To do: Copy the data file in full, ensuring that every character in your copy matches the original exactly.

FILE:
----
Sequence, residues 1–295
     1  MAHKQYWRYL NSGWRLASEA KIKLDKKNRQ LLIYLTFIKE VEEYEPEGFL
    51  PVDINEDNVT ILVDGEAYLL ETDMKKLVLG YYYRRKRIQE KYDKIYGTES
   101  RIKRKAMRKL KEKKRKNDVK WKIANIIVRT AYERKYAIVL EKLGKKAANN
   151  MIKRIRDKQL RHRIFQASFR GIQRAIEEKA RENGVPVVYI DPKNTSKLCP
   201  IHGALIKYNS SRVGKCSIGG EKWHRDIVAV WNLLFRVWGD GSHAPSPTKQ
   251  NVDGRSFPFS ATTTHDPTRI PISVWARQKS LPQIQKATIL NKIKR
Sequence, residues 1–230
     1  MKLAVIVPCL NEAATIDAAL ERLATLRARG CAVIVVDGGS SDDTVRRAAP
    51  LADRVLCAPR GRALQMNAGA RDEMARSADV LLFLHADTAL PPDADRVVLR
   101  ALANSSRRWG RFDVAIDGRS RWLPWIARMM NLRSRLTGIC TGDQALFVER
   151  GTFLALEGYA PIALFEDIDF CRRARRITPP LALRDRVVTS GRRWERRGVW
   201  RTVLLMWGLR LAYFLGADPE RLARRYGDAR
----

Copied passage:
Sequence, residues 1–295
     1  MAHKQYWRYL NSGWRLASEA KIKLDKKNRQ LLIYLTFIKE VEEYEPEGFL
    51  PVDINEDNVT ILVDGEAYLL ETDMKKLVLG YYYRRKRIQE KYDKIYGTES
   101  RIKRKAMRKL KEKKRKNDVK WKIANIIVRT AYERKYAIVL EKLGKKAANN
   151  MIKRIRDKQL RHRIFQASFR GIQRAIEEKA RENGVPVVYI DPKNTSKLCP
   201  IHGALIKYNS SRVGKCSIGG EKWHRDIVAV WNLLFRVWGD GSHAPSPTKQ
   251  NVDGRSFPFS ATTTHDPTRI PISVWARQKS LPQIQKATIL NKIKR
Sequence, residues 1–230
     1  MKLAVIVPCL NEAATIDAAL ERLATLRARG CAVIVVDGGS SDDTVRRAAP
    51  LADRVLCAPR GRALQMNAGA RDEMARSADV LLFLHADTAL PPDADRVVLR
   101  ALANSSRRWG RFDVAIDGRS RWLPWIARMM NLRSRLTGIC TGDQALFVER
   151  GTFLALEGYA PIALFEDIDF CRRARRITPP LALRDRVVTS GRRWERRGVW
   201  RTVLLMWGLR LAYFLGADPE RLARRYGDAR